These stories need to be told. And it saddens me that it takes the help of the Canada Council for the Arts and the Ontario Arts Council to make sure that books like this get published. I've read two of the YALSA Nonfiction finalists so far, and this one is a winner for me right now. On to read the others!

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Review: The Whydah: A Pirate Ship Feared, Wrecked, and Found

The Whydah: A Pirate Ship Feared, Wrecked, and Found The Whydah: A Pirate Ship Feared, Wrecked, and Found by Martin W. Sandler
My rating: 2 of 5 stars

Okay, so this book had two of my pet peeves within the first two chapters, which irritated me enough that I didn't want to dedicate my reading time to finish it. But I did. First, the author had word choice issues, like on page 13, "He had to get to know that girl." I know this is a children's/young adult nonfiction book, but I would still like to think that kids are smart enough to know that there are better ways to write that sentence, especially as it's closing out the paragraph.

I also wasn't a fan of the huge sidenotes and I've noticed this in other nonfiction. A sidenote should be just that--a snippet of information located off to the side of the main text. Set it apart with a textbox or something! But when a snippet lasts three complete pages, that, my friend, is a chapter. All it does is disrupt the text and piss readers like me off. The first snippet was used correctly--at the end of Chapter 1. But the next one, "The Articles of Agreement," were just thrown into the middle of Chapter 2 with no rhyme or reason other than the author had mentioned the agreement in the text. That's all and good, but "The Articles" take up three pages in the middle of a sentence of the text--horrible placement. Did the author even have a say in where that went? or was that a book designer's decision?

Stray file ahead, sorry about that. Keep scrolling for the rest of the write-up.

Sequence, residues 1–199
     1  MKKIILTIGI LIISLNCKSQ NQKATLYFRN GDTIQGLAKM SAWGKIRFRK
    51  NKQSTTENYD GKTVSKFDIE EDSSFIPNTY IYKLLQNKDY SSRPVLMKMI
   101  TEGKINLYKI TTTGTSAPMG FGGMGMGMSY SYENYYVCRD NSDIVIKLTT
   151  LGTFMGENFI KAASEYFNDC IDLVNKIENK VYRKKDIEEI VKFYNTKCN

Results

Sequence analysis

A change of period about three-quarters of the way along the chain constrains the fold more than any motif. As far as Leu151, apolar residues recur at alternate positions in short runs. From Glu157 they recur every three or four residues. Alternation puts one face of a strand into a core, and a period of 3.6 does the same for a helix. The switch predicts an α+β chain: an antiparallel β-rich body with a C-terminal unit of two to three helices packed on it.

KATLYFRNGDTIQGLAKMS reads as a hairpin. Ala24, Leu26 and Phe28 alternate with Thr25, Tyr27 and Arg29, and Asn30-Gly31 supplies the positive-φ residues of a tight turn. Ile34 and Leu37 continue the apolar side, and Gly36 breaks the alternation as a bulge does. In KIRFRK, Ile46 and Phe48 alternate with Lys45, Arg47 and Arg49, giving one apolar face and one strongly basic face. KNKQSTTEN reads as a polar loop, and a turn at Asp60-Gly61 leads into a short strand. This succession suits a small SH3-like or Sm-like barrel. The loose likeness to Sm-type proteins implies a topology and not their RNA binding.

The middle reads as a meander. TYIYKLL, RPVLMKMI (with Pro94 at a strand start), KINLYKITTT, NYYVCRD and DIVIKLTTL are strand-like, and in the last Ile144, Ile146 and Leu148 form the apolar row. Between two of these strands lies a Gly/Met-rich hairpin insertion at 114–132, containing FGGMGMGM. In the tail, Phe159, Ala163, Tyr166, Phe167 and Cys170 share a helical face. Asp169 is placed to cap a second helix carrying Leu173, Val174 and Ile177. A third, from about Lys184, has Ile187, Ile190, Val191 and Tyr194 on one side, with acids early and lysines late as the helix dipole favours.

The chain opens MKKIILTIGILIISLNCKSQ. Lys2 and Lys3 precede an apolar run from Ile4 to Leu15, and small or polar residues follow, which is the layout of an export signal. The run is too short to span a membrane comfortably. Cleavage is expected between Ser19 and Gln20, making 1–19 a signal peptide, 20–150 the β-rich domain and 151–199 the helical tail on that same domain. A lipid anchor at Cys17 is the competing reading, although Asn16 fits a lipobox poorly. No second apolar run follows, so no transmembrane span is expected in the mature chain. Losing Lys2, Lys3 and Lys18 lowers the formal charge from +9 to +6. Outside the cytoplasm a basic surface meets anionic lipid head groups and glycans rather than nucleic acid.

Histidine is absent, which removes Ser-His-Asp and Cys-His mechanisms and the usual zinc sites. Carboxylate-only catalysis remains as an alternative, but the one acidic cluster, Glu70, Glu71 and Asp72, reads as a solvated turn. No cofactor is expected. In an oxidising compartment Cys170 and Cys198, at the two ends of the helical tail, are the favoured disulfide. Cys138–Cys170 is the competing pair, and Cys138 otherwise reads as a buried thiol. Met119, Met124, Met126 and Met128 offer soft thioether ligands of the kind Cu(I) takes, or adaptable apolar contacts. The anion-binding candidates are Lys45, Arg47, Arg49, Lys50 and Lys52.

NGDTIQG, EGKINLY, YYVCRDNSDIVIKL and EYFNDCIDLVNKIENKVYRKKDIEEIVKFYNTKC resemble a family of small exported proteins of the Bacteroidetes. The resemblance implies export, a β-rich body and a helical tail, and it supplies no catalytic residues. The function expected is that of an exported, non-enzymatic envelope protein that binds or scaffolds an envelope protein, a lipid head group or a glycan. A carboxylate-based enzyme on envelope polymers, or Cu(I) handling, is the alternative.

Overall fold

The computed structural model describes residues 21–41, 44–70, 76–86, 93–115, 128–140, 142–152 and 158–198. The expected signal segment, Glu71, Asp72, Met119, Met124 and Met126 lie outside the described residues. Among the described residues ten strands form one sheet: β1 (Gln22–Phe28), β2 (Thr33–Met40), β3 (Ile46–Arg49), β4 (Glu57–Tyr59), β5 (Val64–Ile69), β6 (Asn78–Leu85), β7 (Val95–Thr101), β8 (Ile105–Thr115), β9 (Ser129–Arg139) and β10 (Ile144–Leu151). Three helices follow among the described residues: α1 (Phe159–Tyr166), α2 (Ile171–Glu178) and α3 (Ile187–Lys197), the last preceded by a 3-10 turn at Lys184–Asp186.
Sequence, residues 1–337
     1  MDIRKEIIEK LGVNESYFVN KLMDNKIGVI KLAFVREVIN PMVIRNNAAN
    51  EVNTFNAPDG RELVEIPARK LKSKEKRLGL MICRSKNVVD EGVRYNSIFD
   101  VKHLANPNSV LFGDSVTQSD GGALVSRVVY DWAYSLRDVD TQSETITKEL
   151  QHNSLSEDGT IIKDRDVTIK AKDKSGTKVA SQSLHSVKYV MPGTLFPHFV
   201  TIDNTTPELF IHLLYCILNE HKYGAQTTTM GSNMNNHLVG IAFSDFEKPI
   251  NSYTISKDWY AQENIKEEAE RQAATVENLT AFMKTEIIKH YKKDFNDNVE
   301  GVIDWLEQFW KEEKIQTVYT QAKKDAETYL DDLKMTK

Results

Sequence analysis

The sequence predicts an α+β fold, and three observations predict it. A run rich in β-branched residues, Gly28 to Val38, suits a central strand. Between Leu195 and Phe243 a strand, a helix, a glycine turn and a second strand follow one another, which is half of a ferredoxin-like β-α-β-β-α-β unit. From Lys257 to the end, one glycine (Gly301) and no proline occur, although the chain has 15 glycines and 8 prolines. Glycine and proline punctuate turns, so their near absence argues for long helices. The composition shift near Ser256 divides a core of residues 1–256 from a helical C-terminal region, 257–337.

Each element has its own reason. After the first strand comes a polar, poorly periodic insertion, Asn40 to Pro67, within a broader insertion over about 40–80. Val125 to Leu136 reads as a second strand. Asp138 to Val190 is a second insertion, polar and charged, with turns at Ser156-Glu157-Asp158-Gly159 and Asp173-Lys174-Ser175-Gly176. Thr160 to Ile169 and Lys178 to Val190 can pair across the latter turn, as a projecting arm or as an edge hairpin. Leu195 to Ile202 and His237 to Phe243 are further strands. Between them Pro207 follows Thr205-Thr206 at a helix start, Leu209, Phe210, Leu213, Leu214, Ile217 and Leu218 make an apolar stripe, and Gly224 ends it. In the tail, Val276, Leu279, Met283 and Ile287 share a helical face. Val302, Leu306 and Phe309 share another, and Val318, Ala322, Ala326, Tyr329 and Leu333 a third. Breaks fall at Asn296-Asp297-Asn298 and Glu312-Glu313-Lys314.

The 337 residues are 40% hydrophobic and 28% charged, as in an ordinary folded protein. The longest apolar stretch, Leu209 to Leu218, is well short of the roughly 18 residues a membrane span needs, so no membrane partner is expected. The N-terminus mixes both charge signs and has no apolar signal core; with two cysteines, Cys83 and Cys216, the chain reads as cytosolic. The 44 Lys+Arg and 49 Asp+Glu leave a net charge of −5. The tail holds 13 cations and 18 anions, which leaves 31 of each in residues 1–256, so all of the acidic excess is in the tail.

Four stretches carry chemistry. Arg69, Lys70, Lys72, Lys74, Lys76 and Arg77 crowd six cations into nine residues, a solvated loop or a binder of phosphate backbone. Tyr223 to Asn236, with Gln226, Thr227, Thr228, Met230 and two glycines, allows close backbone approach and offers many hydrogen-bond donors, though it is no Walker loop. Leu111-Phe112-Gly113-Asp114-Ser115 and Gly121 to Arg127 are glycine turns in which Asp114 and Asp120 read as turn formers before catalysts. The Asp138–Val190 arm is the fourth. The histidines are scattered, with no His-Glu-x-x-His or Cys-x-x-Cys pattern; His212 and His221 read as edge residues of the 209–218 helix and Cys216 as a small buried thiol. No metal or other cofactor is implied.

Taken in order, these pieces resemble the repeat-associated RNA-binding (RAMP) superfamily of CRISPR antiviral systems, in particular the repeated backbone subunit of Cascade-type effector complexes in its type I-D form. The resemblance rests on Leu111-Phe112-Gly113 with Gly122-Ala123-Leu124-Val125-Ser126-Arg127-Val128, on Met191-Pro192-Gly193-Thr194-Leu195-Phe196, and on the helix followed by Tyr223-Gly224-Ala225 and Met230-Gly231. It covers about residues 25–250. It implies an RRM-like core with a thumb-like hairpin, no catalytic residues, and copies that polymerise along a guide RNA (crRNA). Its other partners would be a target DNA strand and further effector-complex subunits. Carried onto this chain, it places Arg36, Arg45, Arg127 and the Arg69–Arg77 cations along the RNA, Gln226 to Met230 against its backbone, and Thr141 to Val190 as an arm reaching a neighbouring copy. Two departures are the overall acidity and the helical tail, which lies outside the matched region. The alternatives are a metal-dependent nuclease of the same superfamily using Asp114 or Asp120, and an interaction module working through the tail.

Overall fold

I also wanted more visuals. The author stressed that the Whydah's uniqueness was a "long platform on its deck for captives who could not..." Well, then, what did that long platform look like? Because I can't picture it. Surely there is an illustration somewhere of it? Or one like it?

There are source notes at the end, as well as a MLA 7th edition bibliography, and photo credits.

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Tuesday, December 12, 2017

Review: Long Way Down

Long Way Down Long Way Down by Jason Reynolds
My rating: 5 of 5 stars

Dang...I hope this is getting talked about at the Printz table! Sure, it's the kind of story that will suck you in, but some of the poetry is darn good, too. Novels written in verse are always tricky. I wish the publisher had done a bit more with the "smoke" on the pages--a different color or something than the font? Thicker paper with more of a reason behind the smudges?

At the end, I wanted to yell, "NOOOOOO!!!!!!"

Wish I could hear some students discussing this one.....

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Monday, December 11, 2017

Review: Say Goodbye for Now

Say Goodbye for Now Say Goodbye for Now by Catherine Ryan Hyde
My rating: 3 of 5 stars

I can't believe I listened to ALL of this sappy thing. But, hey, the narration by Nick Podehl was great! This is one of those Hallmark special type of books, so if you like those, give this a try.